Carpentry and Building, Volume 23

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David Williams Company, 1901 - Architecture
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Page 192 - The Oriental types in their art lost their symbolic character, and became enriched and idealised by fancy : harmony and a sweet grace are in every line. The Etruscan is rude and Asiatic, with Greek luxuriance. It has leaves and frets, and circles. The Roman is strong and vigorous, leafy, luxurious, and voluptuous. — The Byzantine is barbarian, rich, knotted, linked, and studded like embroidery. It is vigorous, but conventional, sometimes grotesque and humorous, always varied, but full of strange...
Page 286 - The capital itself however was larger in proportion to the rest of the column, thereby affording a greater surface or impost for the arches to rest upon; and also combining the appearance of security at that point with general lightness of appearance. The shaft was mostly plain, yet frequently highly ornamental, striated or carved in different ways, and sometimes twisted, either singly or with two stems twining spirally around each other. Columns furnishing examples of all these different modes occur...
Page 286 - The wall or enclosure of the arena is supposed ic have been faced with marble more or less sumptuous; besides which, there appears to have been, in some instances at least, a sort of network affixed to the top of the podium, consisting of railing, or, rather, open trellis-work of metal. From the mention made of this network by ancient writers, little more can now be gathered respecting it than that, in the time of Nero, such netting, or whatever it might have been, was adorned with gilding and amber;...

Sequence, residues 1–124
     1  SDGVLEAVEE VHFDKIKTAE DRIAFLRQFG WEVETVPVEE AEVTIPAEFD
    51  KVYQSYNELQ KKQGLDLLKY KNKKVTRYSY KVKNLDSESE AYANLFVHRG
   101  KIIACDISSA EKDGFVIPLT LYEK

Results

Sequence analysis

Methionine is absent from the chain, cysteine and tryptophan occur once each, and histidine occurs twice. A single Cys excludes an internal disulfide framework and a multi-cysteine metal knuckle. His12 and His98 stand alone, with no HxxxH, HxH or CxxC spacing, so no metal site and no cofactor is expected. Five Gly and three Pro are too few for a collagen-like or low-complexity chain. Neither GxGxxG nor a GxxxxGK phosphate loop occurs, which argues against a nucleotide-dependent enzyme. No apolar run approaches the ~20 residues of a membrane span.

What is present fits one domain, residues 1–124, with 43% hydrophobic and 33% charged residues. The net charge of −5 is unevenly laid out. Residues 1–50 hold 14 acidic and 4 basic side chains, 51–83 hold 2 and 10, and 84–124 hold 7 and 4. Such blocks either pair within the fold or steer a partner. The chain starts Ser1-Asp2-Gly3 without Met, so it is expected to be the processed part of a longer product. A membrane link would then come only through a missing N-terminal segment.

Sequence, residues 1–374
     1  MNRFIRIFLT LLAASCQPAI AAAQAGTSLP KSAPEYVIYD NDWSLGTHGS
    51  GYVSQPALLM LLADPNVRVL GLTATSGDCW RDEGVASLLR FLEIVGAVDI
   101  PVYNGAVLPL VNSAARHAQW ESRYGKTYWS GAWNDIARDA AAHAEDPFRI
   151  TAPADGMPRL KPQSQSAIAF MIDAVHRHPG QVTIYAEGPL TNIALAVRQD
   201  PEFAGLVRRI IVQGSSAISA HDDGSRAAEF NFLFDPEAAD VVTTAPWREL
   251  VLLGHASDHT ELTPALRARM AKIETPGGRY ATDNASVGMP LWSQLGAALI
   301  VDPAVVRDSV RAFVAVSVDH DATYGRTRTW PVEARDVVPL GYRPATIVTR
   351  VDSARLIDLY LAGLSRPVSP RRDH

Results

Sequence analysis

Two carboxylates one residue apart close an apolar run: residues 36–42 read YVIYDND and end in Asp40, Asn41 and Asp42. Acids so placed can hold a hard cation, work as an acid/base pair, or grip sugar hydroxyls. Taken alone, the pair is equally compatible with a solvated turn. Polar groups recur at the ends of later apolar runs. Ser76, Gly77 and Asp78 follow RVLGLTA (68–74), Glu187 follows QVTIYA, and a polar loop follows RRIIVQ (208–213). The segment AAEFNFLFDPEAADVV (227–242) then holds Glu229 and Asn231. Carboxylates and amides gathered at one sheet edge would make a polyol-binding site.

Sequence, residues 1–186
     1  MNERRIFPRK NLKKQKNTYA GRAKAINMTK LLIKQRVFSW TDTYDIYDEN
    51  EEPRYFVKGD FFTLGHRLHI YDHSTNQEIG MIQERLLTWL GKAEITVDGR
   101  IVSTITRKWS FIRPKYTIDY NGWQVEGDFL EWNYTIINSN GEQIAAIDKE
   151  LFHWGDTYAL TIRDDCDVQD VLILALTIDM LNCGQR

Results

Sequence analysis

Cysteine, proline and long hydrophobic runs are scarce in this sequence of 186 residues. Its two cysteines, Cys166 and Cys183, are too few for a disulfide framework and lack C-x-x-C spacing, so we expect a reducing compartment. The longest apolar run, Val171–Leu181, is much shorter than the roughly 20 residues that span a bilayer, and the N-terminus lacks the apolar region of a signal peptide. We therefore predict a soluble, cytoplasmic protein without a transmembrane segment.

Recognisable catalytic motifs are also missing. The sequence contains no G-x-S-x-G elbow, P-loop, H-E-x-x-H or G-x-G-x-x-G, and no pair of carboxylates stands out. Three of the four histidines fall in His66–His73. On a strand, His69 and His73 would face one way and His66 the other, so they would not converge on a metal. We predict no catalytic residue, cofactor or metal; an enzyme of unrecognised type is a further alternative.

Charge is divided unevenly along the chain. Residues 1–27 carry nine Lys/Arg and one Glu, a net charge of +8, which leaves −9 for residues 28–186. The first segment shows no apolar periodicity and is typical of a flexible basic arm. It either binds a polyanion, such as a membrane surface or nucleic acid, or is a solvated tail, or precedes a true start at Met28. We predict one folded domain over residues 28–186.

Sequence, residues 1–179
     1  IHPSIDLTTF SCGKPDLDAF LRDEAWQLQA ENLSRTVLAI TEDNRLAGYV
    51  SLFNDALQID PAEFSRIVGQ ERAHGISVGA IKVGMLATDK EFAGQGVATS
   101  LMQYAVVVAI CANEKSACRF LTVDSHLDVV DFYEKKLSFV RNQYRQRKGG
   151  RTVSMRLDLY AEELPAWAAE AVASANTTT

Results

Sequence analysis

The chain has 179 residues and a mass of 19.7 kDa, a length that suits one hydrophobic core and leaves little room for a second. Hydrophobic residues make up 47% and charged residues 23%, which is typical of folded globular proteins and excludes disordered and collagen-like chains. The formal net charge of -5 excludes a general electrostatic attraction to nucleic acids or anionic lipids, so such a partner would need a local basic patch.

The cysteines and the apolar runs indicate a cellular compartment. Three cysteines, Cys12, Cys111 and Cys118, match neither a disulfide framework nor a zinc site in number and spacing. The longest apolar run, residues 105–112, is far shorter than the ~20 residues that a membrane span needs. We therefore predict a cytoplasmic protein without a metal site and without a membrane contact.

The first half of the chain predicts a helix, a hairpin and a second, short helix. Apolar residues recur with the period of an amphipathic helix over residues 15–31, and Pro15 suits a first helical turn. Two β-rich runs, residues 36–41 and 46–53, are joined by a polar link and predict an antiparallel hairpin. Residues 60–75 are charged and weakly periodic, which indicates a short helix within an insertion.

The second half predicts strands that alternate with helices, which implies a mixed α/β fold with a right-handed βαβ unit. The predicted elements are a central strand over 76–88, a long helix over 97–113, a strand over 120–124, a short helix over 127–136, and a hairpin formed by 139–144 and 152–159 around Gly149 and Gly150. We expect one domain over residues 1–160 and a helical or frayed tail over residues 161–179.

Page 286 - ... seats, or chairs. This, as being by far the best situation for distinctly viewing the sports in the arena, and also more commodiously accessible than the seats higher up, was the place set apart for senators and other persons of distinction, such as the ambassadors of foreign states (Suet.
Page 286 - Pi-a, in which building the arches describe more than a semicircle above the capitals of the columns, being prolonged downwards by a deep abacus, consisting in some places of two, in others of a single plain block resting immediately on the capital; a mode certainly preferable to that of placing a mere lump of entablature upon the column, and not ungraceful in itself, because it gives greater height and importance to the arches, which, being narrow, would else appear stumpy, depressed, and overloaded...
Page 86 - The first order of business was the election of officers for the ensuing year, which resulted as follows: President.
Page 72 - Ascertain by the preceding rule the area of the lesser portion of the circle, subtract it from the area of the whole circle, and the remainder will give the area.
Page 72 - Multiply the number of degrees in the arc by the area of the whole circle and divide by 360. Example. What is the area of a sector of a circle whose radius is 5 and length of arc 60?
Page 50 - Resolved by the Senate (the House concurring), That a committee of three Senators be appointed to confer with a like committee to be appointed by the Speaker of the House of Representatives, to arrange for a joint memorial service to be held in the hall of the House of Representatives, in memory of the late Ex-Governor Aaron T.
Page 286 - ... the column, and not ungraceful in itself, because it gives greater height and importance to the arches, which, being narrow, would else appear stumpy, depressed, and overloaded by the ornament around them.' Similar blocks or abaci occur in the remains of Frederick Barbarossa's palace at Gelnhausen, where small heads or masks are introduced immediately above such abaci, so as to fill up the space there between the arches, and continue in some degree the vertical lines produced by the columns....

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